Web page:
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Crucial Fact

  • His favourite word was kyoto.

Last in Parliament September 2008, as Conservative MP for Red Deer (Alberta)

Won his last election, in 2006, with 76% of the vote.

Statements in the House

National Unity March 7th, 1994

Mr. Speaker, my question is for the Prime Minister.

In my constituency in central Alberta as I travelled around this past week outright disgust was expressed for the separatist message delivered to our major trading partner, the United States.

Could the Prime Minister please tell me what action he intends to take to assure the United States that a united Canada is not only likely but one which the government is dedicated to maintaining?

1994 Labatt Brier March 7th, 1994

Mr. Speaker, it is my pleasure to announce to this House that the 1994 Canadian Brier is currently being held in Red Deer, Alberta. The Brier began on March 5 and will continue until March 13. The people of central Alberta welcome with open arms all those who will attend this Canadian sporting and cultural tradition.

The Brier includes teams from each of the 10 provinces and the two territories. We can thank the 850 volunteers for their hard work in organizing the games, which we are confident will be the best Brier to date. The Brier is being held in the beautiful Red Deer Centrium and the event is entirely sold out. The Brier is definitely a boon to central Alberta. For this I thank the Labatt Brier.

I wish good luck to each and every competitor in the 1994 Labatt Brier.

Oldman Dam February 18th, 1994

Mr. Speaker, my question is for the Minister of the Environment.

I made available two letters to the minister yesterday, one from the former leader of the opposition, the present Prime Minister, and the other from the former environment critic, the present Minister of Finance. These letters relate to the environmental assessment review panel's report on the Oldman dam project.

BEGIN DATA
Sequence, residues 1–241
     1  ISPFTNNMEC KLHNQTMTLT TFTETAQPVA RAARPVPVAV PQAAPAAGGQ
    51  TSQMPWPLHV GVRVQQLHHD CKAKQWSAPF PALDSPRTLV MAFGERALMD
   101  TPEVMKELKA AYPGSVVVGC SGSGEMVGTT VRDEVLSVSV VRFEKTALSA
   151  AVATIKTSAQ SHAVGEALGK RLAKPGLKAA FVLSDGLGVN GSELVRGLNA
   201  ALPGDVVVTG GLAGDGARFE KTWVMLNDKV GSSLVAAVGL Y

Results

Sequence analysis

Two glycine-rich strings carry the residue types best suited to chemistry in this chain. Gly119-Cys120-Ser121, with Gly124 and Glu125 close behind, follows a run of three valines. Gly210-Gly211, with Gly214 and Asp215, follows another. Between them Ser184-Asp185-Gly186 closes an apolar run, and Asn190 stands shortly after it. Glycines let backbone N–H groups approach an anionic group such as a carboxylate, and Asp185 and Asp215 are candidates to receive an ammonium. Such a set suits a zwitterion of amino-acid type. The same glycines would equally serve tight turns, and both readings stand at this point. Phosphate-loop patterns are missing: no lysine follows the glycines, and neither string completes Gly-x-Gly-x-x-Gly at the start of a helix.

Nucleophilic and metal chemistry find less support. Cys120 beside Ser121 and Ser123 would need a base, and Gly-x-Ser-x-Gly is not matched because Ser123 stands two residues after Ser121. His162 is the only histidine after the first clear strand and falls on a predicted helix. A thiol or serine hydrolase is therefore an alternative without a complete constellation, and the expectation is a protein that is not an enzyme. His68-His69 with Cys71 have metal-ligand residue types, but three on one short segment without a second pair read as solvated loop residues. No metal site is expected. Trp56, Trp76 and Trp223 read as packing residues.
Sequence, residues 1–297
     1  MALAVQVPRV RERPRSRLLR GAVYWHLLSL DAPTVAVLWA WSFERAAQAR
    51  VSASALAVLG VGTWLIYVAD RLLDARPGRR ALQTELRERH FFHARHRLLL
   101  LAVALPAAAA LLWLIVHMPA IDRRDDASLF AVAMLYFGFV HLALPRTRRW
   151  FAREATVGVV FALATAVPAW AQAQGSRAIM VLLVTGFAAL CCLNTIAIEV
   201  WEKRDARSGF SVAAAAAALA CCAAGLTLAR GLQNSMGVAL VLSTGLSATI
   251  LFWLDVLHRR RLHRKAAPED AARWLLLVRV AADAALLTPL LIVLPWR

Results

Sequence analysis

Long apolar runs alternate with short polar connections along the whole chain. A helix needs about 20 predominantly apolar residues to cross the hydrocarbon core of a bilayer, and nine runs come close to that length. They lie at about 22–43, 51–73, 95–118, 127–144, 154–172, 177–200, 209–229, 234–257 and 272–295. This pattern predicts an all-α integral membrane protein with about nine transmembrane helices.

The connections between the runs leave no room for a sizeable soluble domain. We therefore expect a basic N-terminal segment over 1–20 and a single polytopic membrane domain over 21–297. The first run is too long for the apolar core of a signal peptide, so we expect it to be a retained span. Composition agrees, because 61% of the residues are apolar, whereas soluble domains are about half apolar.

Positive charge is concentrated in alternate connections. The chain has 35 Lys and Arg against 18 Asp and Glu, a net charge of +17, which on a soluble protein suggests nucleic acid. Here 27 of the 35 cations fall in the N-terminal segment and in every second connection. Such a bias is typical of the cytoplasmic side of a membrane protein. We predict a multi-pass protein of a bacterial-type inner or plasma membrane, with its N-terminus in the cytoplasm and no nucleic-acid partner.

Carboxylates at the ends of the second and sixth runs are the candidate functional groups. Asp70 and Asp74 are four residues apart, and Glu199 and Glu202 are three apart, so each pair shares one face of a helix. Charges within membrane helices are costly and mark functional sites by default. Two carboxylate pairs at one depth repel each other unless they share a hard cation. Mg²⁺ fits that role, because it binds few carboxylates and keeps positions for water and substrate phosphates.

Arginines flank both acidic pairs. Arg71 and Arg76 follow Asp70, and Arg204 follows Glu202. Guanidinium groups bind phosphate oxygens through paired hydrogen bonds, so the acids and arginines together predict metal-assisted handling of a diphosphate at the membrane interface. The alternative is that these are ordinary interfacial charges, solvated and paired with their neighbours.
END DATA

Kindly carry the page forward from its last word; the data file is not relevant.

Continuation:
Would the minister please clarify the government's current position on these letters?

Petitions February 14th, 1994

Mr. Speaker, I have the privilege of presenting to Parliament a petition signed by some 1,900 people in my constituency.

In this petition my constituents state their concerns regarding the relocation of the RCMP training centre from a location near Bowden, Alberta.

The police dog service has been in central Alberta since 1965. The centre is open for public tours and trains police dogs for service across Canada. The services resulting from the training centre are a very important part of our local economy as well as the surrounding area. In addition their role as goodwill ambassadors is much appreciated in our community and we do not want to lose them.

Therefore the petitioners humbly pray and I support their call on Parliament to urge the government not to move the RCMP dog training centre.

Taxation February 14th, 1994

Mr. Speaker, I visited my riding this weekend and I must report to you and through you to the finance minister that the message I received was clear. People are prepared to see a fair and equitable cut in services but do not, and I repeat do not, want to see taxes raised or the tax base broadened.

I pride myself in being able to understand and work with people and I must state today that my constituents feel that any increase in taxation will sew the seeds for the financial ruin of this great country.